Hyderabad : If it wasn’t bad enough being infected once with COVID-19, now there is a talk about getting reinfected by this dangerous virus. Since August 2020, there have been anecdotal cases of people getting reinfected with the COVID-19 virus. There have been reports from Hong Kong, Belgium, the Netherlands, the US, and closer home, from Bengaluru, Mumbai, and even Hyderabad. These are all isolated cases but they have sent the world in a tizzy. The 28 million dollar question on everyone’s lips is: “Is reinfection a myth or a reality?” Before trying to answer this question, let us look at the logical and scientific aspects of reinfection.
A person is considered to be reinfected with the virus when:
• Step 1 - He/she got infected in the past.
• Step 2 - Got over it completely.
• Step 3 - Was virus-free for a period of time
• Step 4 - Developed a fresh infection with a different strain of the virus.
This sounds like a simple sequence of events but there are many pitfalls at each step. The major pitfalls are that the RT-PCR test; though considered the gold standard; is not 100 percent accurate. There are a significant number of false positives (where the person is actually negative for the virus but the test falsely reads him as positive) and false negatives (where the person is actually positive for the virus but the test falsely reads him as negative). Also, very few centers are equipped to test the exact strain of the virus.
In all the anecdotal reports so far, only the Hong Kong patient met all the criteria to confirm reinfection. Even in his case, there was no definite proof that it wasn’t a lab contaminant or a lab error!
Once a person gets infected, they produce antibodies that fight the infection and protect them from new infections. These antibodies are produced after 2 – 6 weeks but unfortunately start reducing after 12 weeks and often disappear after 16 weeks. This makes the person vulnerable to reinfection after 16 weeks. Some patients, especially those with milder infections, produce very few antibodies after the first infection. This makes them vulnerable to reinfection even before 16 weeks.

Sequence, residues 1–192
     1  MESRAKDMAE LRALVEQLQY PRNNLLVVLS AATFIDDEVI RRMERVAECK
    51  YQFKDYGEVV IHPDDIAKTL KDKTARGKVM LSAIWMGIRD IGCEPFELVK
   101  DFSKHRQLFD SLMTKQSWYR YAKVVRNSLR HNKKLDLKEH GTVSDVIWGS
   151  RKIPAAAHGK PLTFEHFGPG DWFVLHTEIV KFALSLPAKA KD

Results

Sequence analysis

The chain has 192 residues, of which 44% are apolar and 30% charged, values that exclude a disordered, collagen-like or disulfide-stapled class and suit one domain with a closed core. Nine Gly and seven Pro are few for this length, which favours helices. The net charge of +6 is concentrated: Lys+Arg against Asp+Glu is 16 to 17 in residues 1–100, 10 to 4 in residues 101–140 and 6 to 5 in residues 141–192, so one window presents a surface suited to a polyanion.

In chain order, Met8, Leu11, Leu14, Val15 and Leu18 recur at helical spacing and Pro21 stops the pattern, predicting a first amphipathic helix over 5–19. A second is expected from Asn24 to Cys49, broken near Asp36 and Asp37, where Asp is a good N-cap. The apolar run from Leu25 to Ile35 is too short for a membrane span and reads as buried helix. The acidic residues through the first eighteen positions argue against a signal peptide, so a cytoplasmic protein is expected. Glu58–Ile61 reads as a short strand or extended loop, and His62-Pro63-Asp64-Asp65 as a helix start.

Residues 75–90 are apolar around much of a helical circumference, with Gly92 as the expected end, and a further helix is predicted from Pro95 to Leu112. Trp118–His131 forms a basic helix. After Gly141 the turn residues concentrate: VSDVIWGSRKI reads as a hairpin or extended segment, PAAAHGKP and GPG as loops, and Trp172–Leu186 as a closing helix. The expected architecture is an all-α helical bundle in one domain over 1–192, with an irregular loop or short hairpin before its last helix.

Luckily, we all have an immunological memory, which never forgets the virus. As soon as the virus enters the body the second time, the immune cells remember and recognize it and mount a strong response. This limits the intensity of the infection the second time around. Hence reinfections are usually milder than the initial infections. Some reinfections may also be asymptomatic.
Once a person gets the infection, it does not mean he is safe and has an “immunity passport” and can roam around wherever he pleases without taking adequate precautions. If the first infection is very mild, he may not have an adequate antibody supply and might get a more severe infection the second time. This is especially true if the viral load he is exposed to is high. Also, persons who are reinfected can transmit the virus to other people. This is what we should worry about.
Theoretically, reinfection is very much possible as the antibodies wane over time and the virus gets smarter at evading the immune system by mutating (changing its appearance). Fortunately, among the 28 million COVID-19 cases that have been reported worldwide, very few cases of reinfection have been documented. Even accounting for errors of reporting or limitations of testing, this translates to a minuscule percentage of reinfection. Considering the low numbers and low intensity, at this point in time, reinfection is not something we should be worried about. Our focus should be on preventing primary infections by practicing SMS (Social distancing, Mask, and Sanitization).
Dr Andrews is a Nephrologist at Apollo Hospital, Hyderabad.